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           House & Alf Waud after Bull Run.
departed at 11, when a light snow was fal-
ling.       Morris proposed that we should meet
at 745 on Friday evening, which was provisionally
agreed to, and then he left us.          Commenting
on it, I remarked how horribly dull it was there
when only one happened to drop in, and how
completely the old enchantment of the place had pas-
sed away.         Haney assented and said that we
had invested the family with our own feelings to-
wards it.
  25.  Monday.   To Harper s, saw Bonner, read
proof of story, got $18.  To F. Leslie s, saw him
and J. Wood.  Up-town.  Writing.  Hayes the engra-
ver came up in the evening, to invite me to visit him
on Thursday, (Thanksgiving Day).         Whiskey and
talk of folks; much of Alf Waud and his Vir-
ginian experiences.  He and House slept at Centre-
ville on the Bull Run night, in a Secesh household;
Alf availing himself of his British nationality.
There were apprehensions about his being taken pris-
oner in New York and Hayes told  Mrs W.  some
humane flams to relieve her anxiety.          Hayes
stayed till 11; Boweryem coming up towards the end
of the colloquy.
  26.  Tuesday.   In doors writing.     Cahill up
part of the time, rather shy of allusion to his
last weeks doings.   Going down town at 5, I met
Page
Title:Thomas Butler Gunn Diaries, Volume Eighteen: page seventy-eight
Description:Regarding Alfred Waud and House's experiences at the First Battle of Bull Run.
Date:1861-11-24
Subject:Battle of Bull Run, First (Va.); Boweryem, George; Cahill, Frank; Civil War; Gunn, Thomas Butler; Haney, Jesse; Harper and Brothers (New York, N.Y.); Hayes (engraver); House; Jewell, Mary (Waud); Leslie, Frank; Morris, James (K. N. Pepper); Waud, Alfred; Wood, John A.
Coverage (City/State):[New York, New York]; Centreville, Virginia
Scan Date:2010-06-14

 

Volume
Title:Thomas Butler Gunn Diaries, Volume Eighteen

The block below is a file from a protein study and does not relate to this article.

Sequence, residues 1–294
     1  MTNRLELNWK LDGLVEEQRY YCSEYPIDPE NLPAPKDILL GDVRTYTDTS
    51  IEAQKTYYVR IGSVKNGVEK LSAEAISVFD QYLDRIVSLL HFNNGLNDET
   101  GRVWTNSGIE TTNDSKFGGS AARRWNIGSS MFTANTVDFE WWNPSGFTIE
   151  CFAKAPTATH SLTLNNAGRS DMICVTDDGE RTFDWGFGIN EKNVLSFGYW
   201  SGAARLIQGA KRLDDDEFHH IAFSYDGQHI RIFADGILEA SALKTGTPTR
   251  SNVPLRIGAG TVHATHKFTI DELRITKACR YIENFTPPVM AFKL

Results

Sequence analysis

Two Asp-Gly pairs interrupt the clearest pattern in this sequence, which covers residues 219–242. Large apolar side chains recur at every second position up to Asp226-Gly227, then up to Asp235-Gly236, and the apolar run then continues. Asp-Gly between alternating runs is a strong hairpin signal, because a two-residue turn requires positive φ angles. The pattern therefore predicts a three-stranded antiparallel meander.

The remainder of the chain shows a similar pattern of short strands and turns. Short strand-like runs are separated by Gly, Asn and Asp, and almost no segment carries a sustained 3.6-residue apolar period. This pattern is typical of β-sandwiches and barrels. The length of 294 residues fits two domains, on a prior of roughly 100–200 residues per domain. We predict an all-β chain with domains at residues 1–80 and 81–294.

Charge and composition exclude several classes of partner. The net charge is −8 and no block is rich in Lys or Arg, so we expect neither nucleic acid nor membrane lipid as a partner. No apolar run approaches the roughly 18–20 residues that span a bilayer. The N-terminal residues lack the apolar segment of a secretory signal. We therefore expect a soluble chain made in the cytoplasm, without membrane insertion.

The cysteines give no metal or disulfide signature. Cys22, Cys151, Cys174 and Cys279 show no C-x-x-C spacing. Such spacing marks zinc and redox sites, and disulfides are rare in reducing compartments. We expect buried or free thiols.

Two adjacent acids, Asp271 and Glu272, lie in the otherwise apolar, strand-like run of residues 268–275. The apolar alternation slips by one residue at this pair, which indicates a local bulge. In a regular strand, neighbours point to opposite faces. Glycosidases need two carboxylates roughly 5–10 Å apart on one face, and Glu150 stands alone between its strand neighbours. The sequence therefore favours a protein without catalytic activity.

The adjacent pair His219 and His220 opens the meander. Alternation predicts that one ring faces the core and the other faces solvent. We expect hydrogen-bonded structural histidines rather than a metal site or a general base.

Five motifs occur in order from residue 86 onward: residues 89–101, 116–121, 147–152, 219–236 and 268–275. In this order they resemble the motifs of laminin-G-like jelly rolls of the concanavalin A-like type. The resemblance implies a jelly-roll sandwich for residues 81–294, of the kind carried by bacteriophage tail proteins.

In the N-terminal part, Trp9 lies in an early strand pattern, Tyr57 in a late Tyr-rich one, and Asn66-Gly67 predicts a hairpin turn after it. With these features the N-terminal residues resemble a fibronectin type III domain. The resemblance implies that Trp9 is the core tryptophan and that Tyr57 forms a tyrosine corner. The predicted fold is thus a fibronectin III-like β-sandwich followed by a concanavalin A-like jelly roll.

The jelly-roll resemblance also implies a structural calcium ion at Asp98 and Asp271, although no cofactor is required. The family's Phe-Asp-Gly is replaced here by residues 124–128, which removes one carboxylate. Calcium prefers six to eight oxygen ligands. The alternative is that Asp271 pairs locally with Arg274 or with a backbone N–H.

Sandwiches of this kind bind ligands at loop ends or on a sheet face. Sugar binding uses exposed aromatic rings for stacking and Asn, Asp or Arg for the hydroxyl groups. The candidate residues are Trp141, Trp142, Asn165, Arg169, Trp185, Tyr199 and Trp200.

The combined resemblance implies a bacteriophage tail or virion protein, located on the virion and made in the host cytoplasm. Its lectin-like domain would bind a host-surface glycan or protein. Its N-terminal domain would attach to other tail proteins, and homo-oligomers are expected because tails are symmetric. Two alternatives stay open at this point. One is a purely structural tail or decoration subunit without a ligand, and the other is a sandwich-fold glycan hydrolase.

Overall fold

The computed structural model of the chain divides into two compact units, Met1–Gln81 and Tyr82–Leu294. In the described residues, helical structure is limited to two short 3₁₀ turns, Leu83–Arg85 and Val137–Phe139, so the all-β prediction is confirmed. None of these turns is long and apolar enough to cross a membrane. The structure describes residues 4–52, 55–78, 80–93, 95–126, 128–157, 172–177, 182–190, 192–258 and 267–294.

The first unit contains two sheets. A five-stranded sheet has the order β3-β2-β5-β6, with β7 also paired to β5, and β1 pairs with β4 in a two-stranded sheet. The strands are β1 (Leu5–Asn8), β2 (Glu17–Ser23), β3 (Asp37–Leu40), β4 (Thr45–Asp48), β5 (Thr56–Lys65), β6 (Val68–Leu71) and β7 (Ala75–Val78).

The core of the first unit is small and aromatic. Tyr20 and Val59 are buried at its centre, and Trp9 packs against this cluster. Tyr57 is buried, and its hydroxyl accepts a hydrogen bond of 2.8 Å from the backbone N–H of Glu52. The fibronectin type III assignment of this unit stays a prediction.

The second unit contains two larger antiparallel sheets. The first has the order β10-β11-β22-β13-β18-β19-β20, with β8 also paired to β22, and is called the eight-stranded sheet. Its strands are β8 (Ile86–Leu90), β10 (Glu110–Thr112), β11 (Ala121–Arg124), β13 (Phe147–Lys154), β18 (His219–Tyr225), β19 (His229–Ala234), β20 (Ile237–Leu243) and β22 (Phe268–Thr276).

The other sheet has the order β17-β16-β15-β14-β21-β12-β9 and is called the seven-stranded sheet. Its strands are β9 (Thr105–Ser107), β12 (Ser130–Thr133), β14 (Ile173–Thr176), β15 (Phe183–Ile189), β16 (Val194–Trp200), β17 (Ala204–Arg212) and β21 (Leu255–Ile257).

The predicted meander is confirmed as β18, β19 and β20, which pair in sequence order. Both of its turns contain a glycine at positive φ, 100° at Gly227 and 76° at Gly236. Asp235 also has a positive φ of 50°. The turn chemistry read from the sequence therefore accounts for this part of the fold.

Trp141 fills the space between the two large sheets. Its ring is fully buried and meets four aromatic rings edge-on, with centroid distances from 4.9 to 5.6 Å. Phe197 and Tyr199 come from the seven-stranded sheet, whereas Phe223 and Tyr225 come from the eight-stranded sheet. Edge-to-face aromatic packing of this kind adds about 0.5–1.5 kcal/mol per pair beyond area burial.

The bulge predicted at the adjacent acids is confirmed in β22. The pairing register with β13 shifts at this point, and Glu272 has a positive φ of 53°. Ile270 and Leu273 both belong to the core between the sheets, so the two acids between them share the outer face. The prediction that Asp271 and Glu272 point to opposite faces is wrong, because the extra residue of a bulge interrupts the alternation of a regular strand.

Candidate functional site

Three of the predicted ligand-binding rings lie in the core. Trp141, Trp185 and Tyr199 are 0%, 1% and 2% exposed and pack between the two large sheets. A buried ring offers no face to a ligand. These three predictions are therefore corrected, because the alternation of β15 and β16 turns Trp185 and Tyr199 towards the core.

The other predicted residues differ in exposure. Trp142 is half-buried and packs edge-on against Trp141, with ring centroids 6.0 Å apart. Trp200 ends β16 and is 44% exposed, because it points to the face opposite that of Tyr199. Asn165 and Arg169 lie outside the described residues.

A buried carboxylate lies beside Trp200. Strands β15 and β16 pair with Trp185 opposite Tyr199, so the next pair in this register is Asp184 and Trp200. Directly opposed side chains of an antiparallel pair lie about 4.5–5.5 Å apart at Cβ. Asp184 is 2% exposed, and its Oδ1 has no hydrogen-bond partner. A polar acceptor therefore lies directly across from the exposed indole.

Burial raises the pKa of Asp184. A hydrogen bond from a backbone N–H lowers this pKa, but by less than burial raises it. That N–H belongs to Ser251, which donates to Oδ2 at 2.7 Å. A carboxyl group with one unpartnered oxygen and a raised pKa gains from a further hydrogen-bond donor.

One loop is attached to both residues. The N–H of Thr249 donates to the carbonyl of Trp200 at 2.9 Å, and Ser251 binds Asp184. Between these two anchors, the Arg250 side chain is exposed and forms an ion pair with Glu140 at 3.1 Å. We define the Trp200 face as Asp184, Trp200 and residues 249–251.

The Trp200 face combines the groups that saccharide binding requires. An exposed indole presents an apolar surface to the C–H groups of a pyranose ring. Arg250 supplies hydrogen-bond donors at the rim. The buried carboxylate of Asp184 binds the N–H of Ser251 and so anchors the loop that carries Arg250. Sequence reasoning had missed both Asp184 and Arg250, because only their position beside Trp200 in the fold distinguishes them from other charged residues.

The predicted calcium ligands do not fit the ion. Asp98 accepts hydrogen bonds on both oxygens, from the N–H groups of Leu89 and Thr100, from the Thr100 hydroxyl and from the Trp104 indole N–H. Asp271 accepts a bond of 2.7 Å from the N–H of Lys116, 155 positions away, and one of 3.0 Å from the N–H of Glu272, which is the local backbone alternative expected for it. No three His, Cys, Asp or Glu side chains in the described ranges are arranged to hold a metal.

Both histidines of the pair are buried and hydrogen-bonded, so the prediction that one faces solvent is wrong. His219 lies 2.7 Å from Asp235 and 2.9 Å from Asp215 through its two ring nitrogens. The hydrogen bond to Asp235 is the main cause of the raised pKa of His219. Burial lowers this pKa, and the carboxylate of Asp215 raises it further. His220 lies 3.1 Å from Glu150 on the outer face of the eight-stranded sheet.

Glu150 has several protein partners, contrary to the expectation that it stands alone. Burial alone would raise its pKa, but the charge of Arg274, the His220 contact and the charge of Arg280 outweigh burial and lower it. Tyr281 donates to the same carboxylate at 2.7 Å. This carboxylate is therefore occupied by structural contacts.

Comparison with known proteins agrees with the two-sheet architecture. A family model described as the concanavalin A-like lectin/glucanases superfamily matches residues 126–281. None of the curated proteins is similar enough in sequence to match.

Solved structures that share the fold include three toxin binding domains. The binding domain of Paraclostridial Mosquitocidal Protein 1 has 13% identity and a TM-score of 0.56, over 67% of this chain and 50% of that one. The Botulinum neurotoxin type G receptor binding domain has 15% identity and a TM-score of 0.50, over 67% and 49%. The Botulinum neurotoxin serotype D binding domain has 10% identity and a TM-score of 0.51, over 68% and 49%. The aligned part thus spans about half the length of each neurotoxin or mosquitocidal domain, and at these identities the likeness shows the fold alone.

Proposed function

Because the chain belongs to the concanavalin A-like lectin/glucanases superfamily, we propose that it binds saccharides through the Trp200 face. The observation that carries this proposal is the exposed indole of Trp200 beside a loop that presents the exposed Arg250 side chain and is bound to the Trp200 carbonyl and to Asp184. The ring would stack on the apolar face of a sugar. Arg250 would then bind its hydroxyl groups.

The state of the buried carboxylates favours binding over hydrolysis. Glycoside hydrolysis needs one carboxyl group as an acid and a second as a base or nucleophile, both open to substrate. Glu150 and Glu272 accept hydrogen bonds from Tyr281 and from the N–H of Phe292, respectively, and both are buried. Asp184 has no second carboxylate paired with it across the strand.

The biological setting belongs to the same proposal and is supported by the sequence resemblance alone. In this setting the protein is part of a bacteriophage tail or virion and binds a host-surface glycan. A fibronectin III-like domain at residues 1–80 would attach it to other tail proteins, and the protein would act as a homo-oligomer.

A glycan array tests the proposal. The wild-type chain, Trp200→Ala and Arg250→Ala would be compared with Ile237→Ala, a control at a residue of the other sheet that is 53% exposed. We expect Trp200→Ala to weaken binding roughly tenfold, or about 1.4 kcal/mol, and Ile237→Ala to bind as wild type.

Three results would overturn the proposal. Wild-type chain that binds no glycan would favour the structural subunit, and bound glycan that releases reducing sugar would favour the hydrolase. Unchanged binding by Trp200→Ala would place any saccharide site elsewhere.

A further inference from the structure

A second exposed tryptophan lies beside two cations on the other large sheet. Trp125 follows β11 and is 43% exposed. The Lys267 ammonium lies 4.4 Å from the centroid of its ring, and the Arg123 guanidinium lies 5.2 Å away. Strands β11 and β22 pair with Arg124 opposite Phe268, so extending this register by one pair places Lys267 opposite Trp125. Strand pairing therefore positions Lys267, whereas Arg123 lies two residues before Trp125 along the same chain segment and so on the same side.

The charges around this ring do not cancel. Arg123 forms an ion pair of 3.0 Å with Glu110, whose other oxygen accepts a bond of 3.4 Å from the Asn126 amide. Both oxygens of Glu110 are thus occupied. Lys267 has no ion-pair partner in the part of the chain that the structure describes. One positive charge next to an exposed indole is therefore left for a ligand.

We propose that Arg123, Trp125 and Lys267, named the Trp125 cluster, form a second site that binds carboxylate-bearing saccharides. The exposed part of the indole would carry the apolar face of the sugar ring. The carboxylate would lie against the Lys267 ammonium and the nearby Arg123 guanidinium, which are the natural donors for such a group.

Description:Includes Gunn's descriptions of the scene in New York at the commencement of the Civil War, his visits to military camps in and around New York City as a reporter for ""The New York Evening Post,"" boarding house life, the shooting of Sergeant Davenport by Captain Fitz James O'Brien for insubordination, and Frank Bellew's marital troubles.
Subject:Boardinghouses; Bohemians; Civil War; Gunn, Thomas Butler; Journalism; Marriage; Military; Publishers and publishing; Women
Coverage (City/State):New York, New York
Note:Thomas Butler Gunn was born February 15, 1826, in Banbury, England, and came to New York in 1849. During the Civil War he worked as a correspondent for the New York Tribune and the New York Evening Post. He returned to England in 1863, and died in Birmingham in April 1903. The collection includes twenty-one volumes of his diaries, including newspaper clippings, letters, photographs, sketches, and various other items inserted by Gunn. Diary entries date from July 7, 1849, to April 7, 1863, and include his experiences with the New York publishing and literary world, his descriptions of boarding houses, his travels throughout the United States, and his experiences traveling with the Federal army as a Civil War correspondent.
Publisher:Missouri History Museum
Rights:Copyright 2010 Missouri History Museum.
Source:Page images, transcriptions, and metadata of the Thomas Butler Gunn diaries have been provided by the Missouri History Museum.